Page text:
Leegwater, P. A., Vermeulen, G., Konst, A. A. M., Naidu, S., Mulder, J. & Visser, A. et al. Subunits of translation initiation factor eIF2B are mutant in leukoencephalopathy with vanishing white matter. Nat. Genet. 29, 383-388

Department of Child Neurology, Free University Medical Center, Van der Boechorststraat 7, 1081 BT Amsterdam, The Netherlands.
Nature Genetics (Impact Factor: 29.35). 01/2002; 29(4):383-8. DOI: 10.1038/ng764
Source: PubMed


Leukoencephalopathy with vanishing white matter (VWM) is an inherited brain disease that occurs mainly in children. The course is chronic-progressive with additional episodes of rapid deterioration following febrile infection or minor head trauma. We have identified mutations in EIF2B5 and EIF2B2, encoding the epsilon- and beta-subunits of the translation initiation factor eIF2B and located on chromosomes 3q27 and 14q24, respectively, as causing VWM. We found 16 different mutations in EIF2B5 in 29 patients from 23 families. We also found two distantly related individuals who were homozygous with respect to a missense mutation in EIF2B2, affecting a conserved amino acid. Three other patients also had mutations in EIF2B2. As eIF2B has an essential role in the regulation of translation under different conditions, including stress, this may explain the rapid deterioration of people with VWM under stress. Mutant translation initiation factors have not previously been implicated in disease.

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Available from: Richard Lemmers, May 12, 2014
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    • "Once in a child was found a mutation, genetic family testing was performed. Sequencing of primers is described elsewhere.20 "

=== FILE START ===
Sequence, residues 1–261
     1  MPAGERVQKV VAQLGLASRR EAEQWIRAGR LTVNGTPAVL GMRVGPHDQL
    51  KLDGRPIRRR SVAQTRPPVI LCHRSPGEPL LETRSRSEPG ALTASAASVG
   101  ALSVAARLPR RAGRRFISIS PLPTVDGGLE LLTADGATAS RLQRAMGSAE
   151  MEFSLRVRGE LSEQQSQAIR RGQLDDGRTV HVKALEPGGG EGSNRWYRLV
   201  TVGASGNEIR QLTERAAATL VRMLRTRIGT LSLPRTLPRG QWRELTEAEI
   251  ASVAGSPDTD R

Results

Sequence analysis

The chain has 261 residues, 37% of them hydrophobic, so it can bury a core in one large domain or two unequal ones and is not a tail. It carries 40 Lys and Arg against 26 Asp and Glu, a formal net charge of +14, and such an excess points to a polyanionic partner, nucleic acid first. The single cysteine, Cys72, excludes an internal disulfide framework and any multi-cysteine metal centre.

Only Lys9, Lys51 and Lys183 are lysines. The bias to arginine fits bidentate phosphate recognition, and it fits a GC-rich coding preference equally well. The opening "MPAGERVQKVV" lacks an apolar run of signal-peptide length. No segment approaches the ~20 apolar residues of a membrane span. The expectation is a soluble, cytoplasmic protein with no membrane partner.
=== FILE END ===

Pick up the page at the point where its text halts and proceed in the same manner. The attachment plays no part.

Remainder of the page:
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    ABSTRACT: Vanishing white matter (VWM) leukoencephalopathy is one of the most prevalent hereditary white matter diseases. It has been associated with mutations in genes encoding eukaryotic translation initiation factor (eIF2B). We have compiled a list of all the patients diagnosed with VWM in Spain; we found 21 children. The first clinical manifestation in all of them was spasticity, with severe ataxia in six patients, hemiparesis in one child, and dystonic movements in another. They suffered from progressive cognitive deterioration and nine of them had epilepsy too. In four children, we observed optic atrophy and three also had progressive macrocephaly, which is not common in VWM disease. The first two cases were diagnosed before the 1980s. Therefore, they were diagnosed by necropsy studies. The last 16 patients were diagnosed according to genetics: we found mutations in the genes eIF2B5 (13 cases), eIF2B3 (2 cases), and eIF2B4 (1 case). In our report, the second mutation in frequency was c.318A>T; patients with this mutation all followed a slow chronic course, both in homozygous and heterozygous states. Previously, there were no other reports to confirm this fact. We also found some mutations not described in previous reports: c.1090C>T in eIF2B4, c.314A>G in eIF2B5, and c.877C>T in eIF2B5.
    Journal of Central Nervous System Disease 07/2014; 6:59-68. DOI:10.4137/JCNSD.S13540